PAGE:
Nov. 7, 2017
This blog is part of Caffeinated Commentary - a monthly series where the Millennial Fellows create interesting and engaging content around a theme. For the inaugural CC, the Millennial Fellows explore how their personal perspectives influence the policies they're interested in.
Policymakers and academics across the political spectrum have received a wake-up call that they are out of touch with the day-to-day lives of rural, white America. As such, there is growing demand for public intellectuals to ‘translate’ the lifestyles and opinions of poor whites, especially from public intellectuals who grew up in coal country and eventually made it out. It seems many of us are eager to cut a deal with formerly-poor middlemen to give us the stories of family dysfunction, anti-intellectualism, and financial mismanagement that feel true.
J.D. Vance is at the forefront of this work — in his best-selling Hillbilly Elegy he provides a sketch of his white, poor Appalachian community, the exact demographic politicians and commentators alike have spotlighted to explain Donald Trump’s election and continued appeal. The portrait that emerges is one of a “culture in crisis” — enclaves of people desperate to blame anybody but themselves for their own destitution. As Monica Potts writes, “when Vance speaks to folks about the government, it is clear that he, and the people he talks with, think of it as something that creates dependency where it wasn’t previously, and that compounds poverty rather than reduces it.”
The notion that there exists a culture of poverty has lent itself to policies aimed at altering the behaviors of the poor — especially those of Black women — rather than providing direct and easily accessible relief. While Vance provides no concrete policy recommendations, his memoir is a plea to rural white America to stop the self-sabotage and take personal responsibility. In doing this, he’s diverted attention away from the more nuanced, historical explanations of poverty and toward policy solutions proven to make things worse. From personal experience, I know the implications of Vance’s work are a nightmare.
I grew up in the shadow of Clinton-era welfare reform, which was designed to address concerns about out-of-wedlock childbearing, high levels of direct cash assistance enrollment, and work disincentives supposedly baked into the previous welfare program, Aid to Families with Dependent Children. The Personal Responsibility and Work Opportunity Reconciliation Act (PRWORA) encouraged families much like mine to not consider direct cash assistance, but instead enter the workforce regardless of whether this was possible. Additionally, eligibility requirements were adjusted to the EITC Earned Income Tax Credit (EITC) to more generously reward work.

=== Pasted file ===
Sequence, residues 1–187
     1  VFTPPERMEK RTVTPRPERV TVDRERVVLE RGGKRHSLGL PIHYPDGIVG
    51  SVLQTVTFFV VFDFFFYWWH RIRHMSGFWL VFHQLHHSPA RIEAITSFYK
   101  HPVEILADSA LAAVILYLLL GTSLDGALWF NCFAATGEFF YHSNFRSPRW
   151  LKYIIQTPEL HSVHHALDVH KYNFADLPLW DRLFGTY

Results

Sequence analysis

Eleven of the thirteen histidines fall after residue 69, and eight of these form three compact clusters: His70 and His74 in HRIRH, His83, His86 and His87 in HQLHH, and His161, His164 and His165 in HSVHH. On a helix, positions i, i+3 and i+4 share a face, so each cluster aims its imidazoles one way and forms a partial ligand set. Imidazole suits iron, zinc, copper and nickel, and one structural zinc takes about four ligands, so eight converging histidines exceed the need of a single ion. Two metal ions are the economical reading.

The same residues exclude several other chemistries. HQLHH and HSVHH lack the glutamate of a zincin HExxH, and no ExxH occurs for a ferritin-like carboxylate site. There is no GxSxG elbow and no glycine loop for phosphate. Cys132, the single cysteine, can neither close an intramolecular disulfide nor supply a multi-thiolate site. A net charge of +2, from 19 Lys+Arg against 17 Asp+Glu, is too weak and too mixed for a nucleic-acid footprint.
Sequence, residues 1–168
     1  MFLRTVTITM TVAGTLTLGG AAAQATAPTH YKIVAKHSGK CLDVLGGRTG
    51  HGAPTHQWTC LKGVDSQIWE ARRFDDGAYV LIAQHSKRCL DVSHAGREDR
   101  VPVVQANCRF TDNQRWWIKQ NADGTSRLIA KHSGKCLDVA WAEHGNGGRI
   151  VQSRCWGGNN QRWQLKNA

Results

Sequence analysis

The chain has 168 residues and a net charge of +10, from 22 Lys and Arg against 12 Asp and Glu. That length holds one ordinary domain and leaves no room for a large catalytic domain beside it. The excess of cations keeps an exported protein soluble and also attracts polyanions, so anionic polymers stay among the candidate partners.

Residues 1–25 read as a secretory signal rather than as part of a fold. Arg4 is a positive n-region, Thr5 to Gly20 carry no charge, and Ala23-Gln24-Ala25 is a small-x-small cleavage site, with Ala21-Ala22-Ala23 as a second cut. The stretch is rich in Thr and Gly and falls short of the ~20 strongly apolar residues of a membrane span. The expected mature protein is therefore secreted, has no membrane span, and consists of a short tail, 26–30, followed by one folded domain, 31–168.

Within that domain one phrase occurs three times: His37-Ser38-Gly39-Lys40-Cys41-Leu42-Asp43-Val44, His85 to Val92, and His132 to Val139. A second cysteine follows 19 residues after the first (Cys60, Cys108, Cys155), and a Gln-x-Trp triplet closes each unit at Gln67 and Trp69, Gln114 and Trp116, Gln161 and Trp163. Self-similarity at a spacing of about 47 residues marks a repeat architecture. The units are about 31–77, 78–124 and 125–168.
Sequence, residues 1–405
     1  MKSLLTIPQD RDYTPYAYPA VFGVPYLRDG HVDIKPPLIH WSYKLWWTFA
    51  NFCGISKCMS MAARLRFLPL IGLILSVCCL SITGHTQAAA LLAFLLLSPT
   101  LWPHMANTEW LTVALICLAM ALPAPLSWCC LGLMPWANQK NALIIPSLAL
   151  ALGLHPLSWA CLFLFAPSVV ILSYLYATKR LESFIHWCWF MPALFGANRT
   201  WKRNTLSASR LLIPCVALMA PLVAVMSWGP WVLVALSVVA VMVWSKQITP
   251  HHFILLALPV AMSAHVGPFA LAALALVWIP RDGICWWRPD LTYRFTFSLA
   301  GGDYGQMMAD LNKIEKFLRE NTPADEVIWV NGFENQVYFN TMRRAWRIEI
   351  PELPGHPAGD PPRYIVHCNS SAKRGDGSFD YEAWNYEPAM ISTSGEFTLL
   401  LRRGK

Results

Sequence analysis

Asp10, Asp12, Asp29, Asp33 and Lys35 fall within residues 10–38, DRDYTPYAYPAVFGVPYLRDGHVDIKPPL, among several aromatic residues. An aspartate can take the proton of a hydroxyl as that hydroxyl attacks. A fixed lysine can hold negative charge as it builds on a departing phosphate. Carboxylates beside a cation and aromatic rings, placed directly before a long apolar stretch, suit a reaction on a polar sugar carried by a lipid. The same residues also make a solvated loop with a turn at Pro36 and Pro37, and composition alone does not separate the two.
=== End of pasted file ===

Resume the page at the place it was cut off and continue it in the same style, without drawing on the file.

My single mother navigated a patchwork of social assistance programs to raise me. As a toddler, I ate fortified hot cereal paid for by Women, Infants, and Children. Each spring, my mother would use her Earned Income Tax Credit (EITC) to catch up on bills or replace the tires on our car. We sought medical care at Northern Navajo Medical Center — an Indian Health Services hospital — where we spent hours in waiting rooms for a single vaccine or bottle of cough medicine. Even as she struggled to pay rent after her 60-hour work week, my mother refused to apply for cash assistance or SNAP. Seeking out these benefits would have meant taking multiple days off work each month to prove our eligibility to a caseworker who could interpret any innocuous detail of our lives as fraud, being barred from saving any meaningful amount of money to become self-sufficient, and risking humiliation at check-out lines if we attempted to purchase slightly-too-expensive eggs.
One could argue that watching my mother spend her tax credit wisely each spring rather than receive cash assistance taught me the value of hard work. After all, PRWORA changes to EITC succeeded in reducing cash assistance caseloads and the number of children living below the poverty line. However living above the poverty line isn’t a measurement of economic security. In my case, as is with nearly 6.7 million Americans, EITC kept my mother and I bobbing just above the poverty line. We lived under the stress of knowing a medical emergency, pay cut, or rent hike could send us into “deep poverty” -- less than $2 per day, per person. In fact, the number of families living off less than $2 each day has doubled since PRWORA. It wasn’t so much that I learned the inherent value of hard work, but that the poor weren’t allowed to make mistakes or have bad luck.
It makes little sense to focus on the narrative of a man whose experiences are hardly reflective of American poverty both from a personal and empirical standpoint for clues. The poor have been and continue to be disproportionately made up of Black, Latino, Native American, Alaska Native, and particular Asian communities in the United States. Children, the disabled, elderly and students are also disproportionately poor. These trends do not lend themselves to monocausal cultural explanations, but instead politically complex and historically rooted events. So, where are their panel invitations and book deals?
Seeking out the narratives of ordinary Americans currently living in poverty should not be so novel of an idea. But it is entirely necessary if we are truly invested in the well-being of all people living in the United States and understanding our current political moment.